One of the arguments, though hardly the strongest, against the concept of Apollo's having been a hoax is the sheer number of people involved. People arguing for the hoax clearly don't know how many there were. Estimates, in fact, range up to 400,000, many from countries other than the United States, and that's not including all the amateur astronomers who tracked the missions from the ground. Indeed, as is shown at one point in the movie--in, admittedly, a moment which never actually happened--basically what you could do to find the Apollo capsule by radio was point at the Moon. That was what it took, and many people here on Earth did just that. There were also people in little non-NASA installations all over the world who helped in some small, unacknowledged way, names lost to history but each, in their own way, vital to one of humanity's greatest achievements to date. Every character in this movie was important to its universe's Apollo 11, and their real-world counterparts were important to ours. Worth keeping in mind, really.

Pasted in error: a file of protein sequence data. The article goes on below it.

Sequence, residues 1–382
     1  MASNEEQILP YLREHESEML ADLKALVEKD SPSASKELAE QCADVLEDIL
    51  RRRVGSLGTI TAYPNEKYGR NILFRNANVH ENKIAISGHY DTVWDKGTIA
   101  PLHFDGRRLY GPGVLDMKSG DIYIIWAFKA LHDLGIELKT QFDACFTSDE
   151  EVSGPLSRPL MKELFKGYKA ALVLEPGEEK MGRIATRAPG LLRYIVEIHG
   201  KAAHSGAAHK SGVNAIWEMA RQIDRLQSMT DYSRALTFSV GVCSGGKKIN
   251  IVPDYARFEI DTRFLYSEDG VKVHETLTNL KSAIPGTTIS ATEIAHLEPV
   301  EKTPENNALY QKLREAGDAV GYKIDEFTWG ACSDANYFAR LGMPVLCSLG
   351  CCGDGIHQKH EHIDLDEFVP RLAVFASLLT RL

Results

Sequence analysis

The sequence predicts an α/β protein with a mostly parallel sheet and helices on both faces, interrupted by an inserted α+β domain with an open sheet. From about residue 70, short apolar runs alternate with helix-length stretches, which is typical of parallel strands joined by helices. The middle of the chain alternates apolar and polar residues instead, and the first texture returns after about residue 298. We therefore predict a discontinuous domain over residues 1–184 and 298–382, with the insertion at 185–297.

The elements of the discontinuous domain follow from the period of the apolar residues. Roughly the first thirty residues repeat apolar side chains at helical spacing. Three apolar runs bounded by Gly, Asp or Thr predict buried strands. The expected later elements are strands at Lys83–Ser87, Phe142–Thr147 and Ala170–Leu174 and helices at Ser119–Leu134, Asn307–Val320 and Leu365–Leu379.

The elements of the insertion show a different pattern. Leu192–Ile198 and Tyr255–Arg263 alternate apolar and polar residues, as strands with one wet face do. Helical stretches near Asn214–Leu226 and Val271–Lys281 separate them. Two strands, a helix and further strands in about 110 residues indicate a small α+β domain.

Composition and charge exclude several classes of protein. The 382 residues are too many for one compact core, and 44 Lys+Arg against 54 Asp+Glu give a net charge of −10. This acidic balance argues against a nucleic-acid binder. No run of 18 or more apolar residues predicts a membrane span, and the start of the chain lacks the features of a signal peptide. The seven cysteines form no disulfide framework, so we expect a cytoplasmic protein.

Because of various orbital mechanics, of course half the Earth is pointed away from the Moon at any one time. In this particular case, that also means that the United States can't track their space missions without the help of others, specifically in this case the Parkes Observatory Radio Telescope. They are to help receive the television broadcasts from Apollo 11, something extraordinary coming to their little town and their dish in the middle, as they tell us, of a sheep paddock. They are led by Cliff Buxton (Sam Neill), an avuncular man who is clearly quite good at what he does. They have a laid-back existence there at the observatory, one where the guard's sister walks in and out, basically bringing them tea. They are a little uncomfortable with the outsider, NASA man Al Burnett (Patrick Warburton), but most people seem pleased by the attention all of this is bringing to their middle-of-nowhere little town. And, of course, there's the pure excitement of the landings.